Lawmakers call for hearings on Facebook data breach
Wall Street Journal columnist Andy Kessler on the revelations that more than 50 million user profiles were harvested by a data-analysis firm by President Trump’s 2016 campaign.
Two Cambridge University scientists with expertise in the use of Facebook data for scientific research claim that they were approached by marketing Cambridge Analytica to work with the company, but refused on ethical grounds.
David Stillwell, deputy director of The Psychometrics Centre of the University of Cambridge in the united kingdom, is known for his research and expertise in harnessing the power of big data through social media, in particular with myPersonality project.
The personality quiz began on Facebook in June 2007, when the social network had a much smaller pool of users. It was worked by fellow Cambridge-expert Michal Kosinski, and it was a success-garnering more than 8 million respondents, and the help of psychologists with their research.
David Stillwell, left, and Michael Kosinski reportedly refused to work with Cambridge Analytica, on ethical grounds.
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Fellow at the University of Cambridge academic Aleksandr Kogan introduced the two men in 2014 to Strategic Communication Laboratories (SCL), the parent company of Cambridge Analytica, which proposed providing funds to Kogan, the company for the collection of new data of Facebook users.
Stillwell and Kosinski told Sky News they refused this arrangement, and concerns have been raised about the study with the University of Cambridge. They provide an e-mail thread to the British news organization, detailing Kosinski’s concerns about the proposal.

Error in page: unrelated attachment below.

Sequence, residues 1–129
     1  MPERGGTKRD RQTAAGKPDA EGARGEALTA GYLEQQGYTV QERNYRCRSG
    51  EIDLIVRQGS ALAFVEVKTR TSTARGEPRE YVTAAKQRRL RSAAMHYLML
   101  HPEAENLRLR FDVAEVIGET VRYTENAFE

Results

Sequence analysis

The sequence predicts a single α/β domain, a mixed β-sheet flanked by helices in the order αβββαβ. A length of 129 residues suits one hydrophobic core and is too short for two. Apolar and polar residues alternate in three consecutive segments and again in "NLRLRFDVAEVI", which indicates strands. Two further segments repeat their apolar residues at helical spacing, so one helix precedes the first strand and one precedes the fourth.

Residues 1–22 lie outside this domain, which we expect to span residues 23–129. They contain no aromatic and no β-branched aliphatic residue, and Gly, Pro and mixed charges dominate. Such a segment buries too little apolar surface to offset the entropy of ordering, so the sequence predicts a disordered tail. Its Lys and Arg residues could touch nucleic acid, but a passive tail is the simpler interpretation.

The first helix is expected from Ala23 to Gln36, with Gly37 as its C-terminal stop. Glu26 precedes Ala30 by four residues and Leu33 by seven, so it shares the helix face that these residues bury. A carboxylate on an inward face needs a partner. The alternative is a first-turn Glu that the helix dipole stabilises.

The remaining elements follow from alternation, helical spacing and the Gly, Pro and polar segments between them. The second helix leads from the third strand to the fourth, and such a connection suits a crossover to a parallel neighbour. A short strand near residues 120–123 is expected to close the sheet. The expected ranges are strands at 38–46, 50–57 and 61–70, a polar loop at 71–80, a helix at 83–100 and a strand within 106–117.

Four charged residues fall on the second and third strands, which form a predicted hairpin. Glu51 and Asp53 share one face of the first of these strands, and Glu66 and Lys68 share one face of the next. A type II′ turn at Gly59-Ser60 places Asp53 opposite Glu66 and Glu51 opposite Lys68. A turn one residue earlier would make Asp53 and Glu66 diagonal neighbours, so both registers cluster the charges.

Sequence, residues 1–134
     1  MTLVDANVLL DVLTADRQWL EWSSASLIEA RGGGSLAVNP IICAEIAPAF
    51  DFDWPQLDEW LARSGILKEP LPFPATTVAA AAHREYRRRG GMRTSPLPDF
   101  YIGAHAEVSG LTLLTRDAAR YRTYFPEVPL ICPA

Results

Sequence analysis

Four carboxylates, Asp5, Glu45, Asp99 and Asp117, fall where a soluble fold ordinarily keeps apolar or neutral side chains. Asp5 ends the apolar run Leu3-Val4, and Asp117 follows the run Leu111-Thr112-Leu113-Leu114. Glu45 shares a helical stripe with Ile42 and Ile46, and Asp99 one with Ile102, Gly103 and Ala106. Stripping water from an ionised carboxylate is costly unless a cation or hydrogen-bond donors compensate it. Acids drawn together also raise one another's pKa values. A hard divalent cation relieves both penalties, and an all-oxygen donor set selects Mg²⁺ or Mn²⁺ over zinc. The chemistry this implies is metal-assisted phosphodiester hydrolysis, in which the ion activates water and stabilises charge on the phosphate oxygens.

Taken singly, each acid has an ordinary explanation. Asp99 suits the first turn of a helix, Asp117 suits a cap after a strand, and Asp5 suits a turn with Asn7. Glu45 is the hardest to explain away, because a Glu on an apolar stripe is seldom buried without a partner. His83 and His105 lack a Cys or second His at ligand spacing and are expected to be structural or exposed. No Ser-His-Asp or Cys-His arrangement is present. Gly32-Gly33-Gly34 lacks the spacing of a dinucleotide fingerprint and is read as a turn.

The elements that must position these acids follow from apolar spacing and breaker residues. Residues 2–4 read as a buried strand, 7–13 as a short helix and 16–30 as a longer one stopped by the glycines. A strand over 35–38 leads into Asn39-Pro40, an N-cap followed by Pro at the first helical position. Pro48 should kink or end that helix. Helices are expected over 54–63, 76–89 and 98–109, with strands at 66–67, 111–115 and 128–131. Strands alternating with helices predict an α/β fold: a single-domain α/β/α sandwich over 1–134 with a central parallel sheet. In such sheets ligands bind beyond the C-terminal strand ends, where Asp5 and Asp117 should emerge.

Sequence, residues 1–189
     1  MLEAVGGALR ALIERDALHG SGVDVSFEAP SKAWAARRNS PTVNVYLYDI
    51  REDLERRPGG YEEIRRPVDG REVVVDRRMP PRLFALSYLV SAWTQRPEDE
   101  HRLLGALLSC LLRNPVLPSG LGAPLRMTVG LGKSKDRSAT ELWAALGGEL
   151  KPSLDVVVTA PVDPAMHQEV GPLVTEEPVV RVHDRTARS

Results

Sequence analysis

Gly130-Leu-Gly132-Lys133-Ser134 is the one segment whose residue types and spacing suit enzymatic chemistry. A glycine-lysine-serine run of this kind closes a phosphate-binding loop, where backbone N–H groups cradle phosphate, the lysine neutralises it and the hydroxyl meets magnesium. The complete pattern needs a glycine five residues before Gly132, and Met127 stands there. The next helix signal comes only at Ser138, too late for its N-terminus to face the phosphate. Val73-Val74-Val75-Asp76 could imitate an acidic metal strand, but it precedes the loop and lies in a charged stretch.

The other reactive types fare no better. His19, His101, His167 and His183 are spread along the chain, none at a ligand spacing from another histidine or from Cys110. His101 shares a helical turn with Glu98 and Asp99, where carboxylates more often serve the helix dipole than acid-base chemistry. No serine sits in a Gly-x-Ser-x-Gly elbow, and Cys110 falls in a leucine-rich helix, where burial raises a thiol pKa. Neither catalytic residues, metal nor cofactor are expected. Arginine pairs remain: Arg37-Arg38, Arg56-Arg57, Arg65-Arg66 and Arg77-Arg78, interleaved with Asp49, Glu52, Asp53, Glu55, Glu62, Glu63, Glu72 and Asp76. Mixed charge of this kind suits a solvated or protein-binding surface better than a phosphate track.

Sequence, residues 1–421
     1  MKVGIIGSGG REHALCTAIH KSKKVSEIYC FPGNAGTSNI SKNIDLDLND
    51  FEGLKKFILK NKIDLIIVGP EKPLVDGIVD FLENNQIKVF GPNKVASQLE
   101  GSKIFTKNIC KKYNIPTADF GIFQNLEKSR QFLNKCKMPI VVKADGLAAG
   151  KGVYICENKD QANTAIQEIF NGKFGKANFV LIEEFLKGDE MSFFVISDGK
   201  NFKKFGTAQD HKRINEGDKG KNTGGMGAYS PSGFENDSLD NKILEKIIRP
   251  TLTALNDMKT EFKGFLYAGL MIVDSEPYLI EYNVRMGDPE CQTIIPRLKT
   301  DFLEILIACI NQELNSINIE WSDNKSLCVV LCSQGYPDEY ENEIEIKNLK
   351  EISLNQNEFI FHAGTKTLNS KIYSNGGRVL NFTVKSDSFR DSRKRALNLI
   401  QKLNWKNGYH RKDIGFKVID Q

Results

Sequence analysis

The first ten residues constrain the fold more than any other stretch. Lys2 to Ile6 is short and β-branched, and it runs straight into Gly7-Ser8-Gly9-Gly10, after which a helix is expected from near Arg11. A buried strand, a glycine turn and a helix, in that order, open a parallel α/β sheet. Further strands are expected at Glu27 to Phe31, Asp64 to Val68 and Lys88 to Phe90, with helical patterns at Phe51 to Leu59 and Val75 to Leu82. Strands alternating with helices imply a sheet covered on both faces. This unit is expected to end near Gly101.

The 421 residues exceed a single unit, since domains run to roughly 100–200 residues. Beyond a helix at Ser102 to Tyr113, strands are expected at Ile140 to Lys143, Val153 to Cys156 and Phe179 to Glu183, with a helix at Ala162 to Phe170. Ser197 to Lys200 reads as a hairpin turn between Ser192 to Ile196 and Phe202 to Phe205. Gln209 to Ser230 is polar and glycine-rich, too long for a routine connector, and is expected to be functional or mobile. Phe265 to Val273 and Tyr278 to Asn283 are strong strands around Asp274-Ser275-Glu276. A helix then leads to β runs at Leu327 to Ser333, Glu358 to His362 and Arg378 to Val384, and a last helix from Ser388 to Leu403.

Kosinski wrote: “in my opinion, his approach is very unethical, but I’m not sure if it’s worth the trouble to stir, before his plans actually materialized (e.g., he will receive the contract).”
Facebook has full-page ads signed by Mark Zuckerberg, in the BRITISH newspapers today to apologise for the #CambridgeAnalytica scandal.
The sentence “You’ll need more than that my little hombre” comes to mind. pic.twitter.com/v0zyEuTFh9
— Matt Navarra (@MattNavarra) March 25, 2018
“There is a big chance that he will understand his ways or just not to get it anyway,” Kosinski said.
Facebook is reeling in the face of accusations that it is not doing enough to prevent 50 million users’ data is being harvested without their permission, and later allegedly used to micro-target voters by the Trump campaign.
The company has apologized, and recently with full-page newspaper ads in the U.S. and U. K.. It has also seen that some advertisers objections, and CEO Mark Zuckerberg has been called to testify before lawmakers in Washington, D. C., something that he has said that he would be open.
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Cambridge Analytica says that it will delete the data as soon as was asked to by Facebook and that it did nothing wrong. Facebook has promised to do a full audit of the apps on the platform to determine how they treat user information.
“I hope that our character is supported by the evidence that we do not continue with the project, and that we raised our concerns with the university as soon as it became clear what Dr. Kogan scheduled to do so,” Stillwell told Sky News.
Kogan has no recent public comments, but has previously stated that he feels that he is being turned into a scapegoat.
Christopher Carbone is a reporter for FoxNews.com. Follow him on Twitter @christocarbone.